How long would you prompt the user with an indicator before showing a connection error? On the one hand a mobile user doesn't like waiting forever until the indicator disappears. On the other hand a request can take quite long when there is a poor network connection... How long do you let the user wait in worst case?

3 Answers 3


It depends

It's hard to answer such question without knowing the typical response time. Users are fairly accustomed to wait a few seconds when using mobile devices whilst on mobile networks.

10 Seconds?

This famous post, while applicable to websites, suggests that after 10 seconds users 'lose it'. Could be used as a rough guideline.

Put the user in control (be user-oriented)

There are two principle ways you can improve usability with regards to this issue:

  • Provide progress indicator - while technically not always possible, in some cases big sets of data can be loaded in chunks which will allow progress indication.
  • Prompt, don't time out - Say you have decided 10 seconds is your threshold. Instead of timing out the request, you may wish to present a message as such to the user:


download bmml source – Wireframes created with Balsamiq Mockups


  • Gives some feedback to the user, informing them the application is still responsive.
  • Buys you some extra time for the response to arrive.
  • Allows the users to decide whether they prefer carry on waiting or cancel. The former is important in scenarios where the response is either urgent or important for the user.
  • This in addition with what ThomasSt said, as it also depends upon the fact that the user can continue some work for instance. Google docs, for instance, lets you continue doing your work untill the network is back up.
    – Xabre
    Aug 13, 2015 at 9:35

I don't think there is a clear answer here, you can answer it very easy with "it depends".

You might have to consider the following things:

  • How badly do users want the data sent/received? The more important they find it, the longer they will be willing to wait. A game submitting a score, item, badge, ... will need to be rather quick, while a business app uploading a file for example might take longer.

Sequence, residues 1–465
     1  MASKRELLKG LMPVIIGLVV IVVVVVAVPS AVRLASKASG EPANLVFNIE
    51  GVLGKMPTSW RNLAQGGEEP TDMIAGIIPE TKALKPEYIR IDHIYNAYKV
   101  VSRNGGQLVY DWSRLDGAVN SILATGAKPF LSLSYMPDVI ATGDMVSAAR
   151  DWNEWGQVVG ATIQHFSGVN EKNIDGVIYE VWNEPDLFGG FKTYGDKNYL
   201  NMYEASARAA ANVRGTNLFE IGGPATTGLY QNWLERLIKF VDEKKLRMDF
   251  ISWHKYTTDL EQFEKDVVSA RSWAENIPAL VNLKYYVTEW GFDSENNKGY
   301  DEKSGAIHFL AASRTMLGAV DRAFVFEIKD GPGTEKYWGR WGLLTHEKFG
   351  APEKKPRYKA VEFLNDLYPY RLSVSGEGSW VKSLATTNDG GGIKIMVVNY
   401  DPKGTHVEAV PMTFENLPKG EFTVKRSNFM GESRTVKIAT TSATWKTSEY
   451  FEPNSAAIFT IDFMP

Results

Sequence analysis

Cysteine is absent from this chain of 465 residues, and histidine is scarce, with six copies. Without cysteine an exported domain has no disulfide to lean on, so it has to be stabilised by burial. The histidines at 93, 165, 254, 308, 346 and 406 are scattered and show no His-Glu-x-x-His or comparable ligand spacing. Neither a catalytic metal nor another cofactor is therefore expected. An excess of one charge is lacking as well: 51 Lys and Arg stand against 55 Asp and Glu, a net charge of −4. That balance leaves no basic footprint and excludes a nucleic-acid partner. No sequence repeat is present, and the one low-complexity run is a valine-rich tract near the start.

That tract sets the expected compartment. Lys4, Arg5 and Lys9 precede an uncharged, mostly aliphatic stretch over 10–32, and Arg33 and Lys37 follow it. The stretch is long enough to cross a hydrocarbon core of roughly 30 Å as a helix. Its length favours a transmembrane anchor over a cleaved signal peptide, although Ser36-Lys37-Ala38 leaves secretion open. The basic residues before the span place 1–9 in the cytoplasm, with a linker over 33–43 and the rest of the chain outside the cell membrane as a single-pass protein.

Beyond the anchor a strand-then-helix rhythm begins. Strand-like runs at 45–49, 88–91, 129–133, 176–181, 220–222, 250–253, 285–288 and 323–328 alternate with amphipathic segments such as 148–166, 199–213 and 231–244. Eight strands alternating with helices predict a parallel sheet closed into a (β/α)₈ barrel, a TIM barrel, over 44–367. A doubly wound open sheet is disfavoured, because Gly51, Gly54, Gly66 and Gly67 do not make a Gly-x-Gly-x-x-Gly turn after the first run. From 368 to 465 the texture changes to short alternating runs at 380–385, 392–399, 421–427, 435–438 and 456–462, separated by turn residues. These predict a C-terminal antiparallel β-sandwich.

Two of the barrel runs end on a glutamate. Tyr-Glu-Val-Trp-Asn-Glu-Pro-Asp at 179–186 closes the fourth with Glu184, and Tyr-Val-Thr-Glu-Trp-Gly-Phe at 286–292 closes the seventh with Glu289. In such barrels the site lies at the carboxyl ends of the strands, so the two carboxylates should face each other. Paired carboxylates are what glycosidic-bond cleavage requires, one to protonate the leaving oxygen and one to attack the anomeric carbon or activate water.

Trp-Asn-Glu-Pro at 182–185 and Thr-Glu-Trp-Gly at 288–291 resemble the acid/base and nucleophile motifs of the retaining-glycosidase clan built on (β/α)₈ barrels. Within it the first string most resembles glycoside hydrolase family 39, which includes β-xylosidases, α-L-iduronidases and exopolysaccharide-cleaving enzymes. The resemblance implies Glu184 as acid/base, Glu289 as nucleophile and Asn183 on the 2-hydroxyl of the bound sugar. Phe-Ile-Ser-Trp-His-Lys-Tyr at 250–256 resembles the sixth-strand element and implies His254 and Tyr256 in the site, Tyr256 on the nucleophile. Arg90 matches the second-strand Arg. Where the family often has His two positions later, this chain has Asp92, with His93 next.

• There is a lower expectation rate depending on the current mobile connection (2G/3G/4G,...)
  • Using mobile, signal strength could be an issue.
  • Can the user do something else while he's waiting for your information (eg. can he switch application?)

Personally if the timeout is between 10 - 15s I will consider it a normal latency, if it is 20s or more, I will most likely quit the app.


We always think "Mr" or Mrs" average is using an App.

Suppose you were asked to apply accessibility standards to your app based on a few more users that has cognitive challenges or impaired vision...that creates another user Persona that would have to accommodate those demographics and alter potential security risks (when increased time is modified to suit their needs).

Given the above persona is "slow" to input data but will eventually complete task (if time was allotted for them), then what does 42 seconds vs 3 minutes means to them? How does suggested timeouts/sessions apply? And what is the solution as a value of time to accommodate this persona?

For UX purposes, one would have to re-visit the:

  • Timeout length
  • Length of session
  • What risks should be noted when extended sessions and timeouts are applied (i.e. how long is "too long" when secure items like personal banking information is visible for xAmount of time?).

Now that devices operating on various wireless networks have all sorts of dependencies that would affect performance (i.e. threshold with Device speed, resources required to complete a query, OS support, missing optimization on non-native apps, the end users'network, bandwidth device is limited to, persona settings on the device itself, etc) we run into slapping more time to waiting on a response from the device or its app. I only tackled Accessibility as being a variable.

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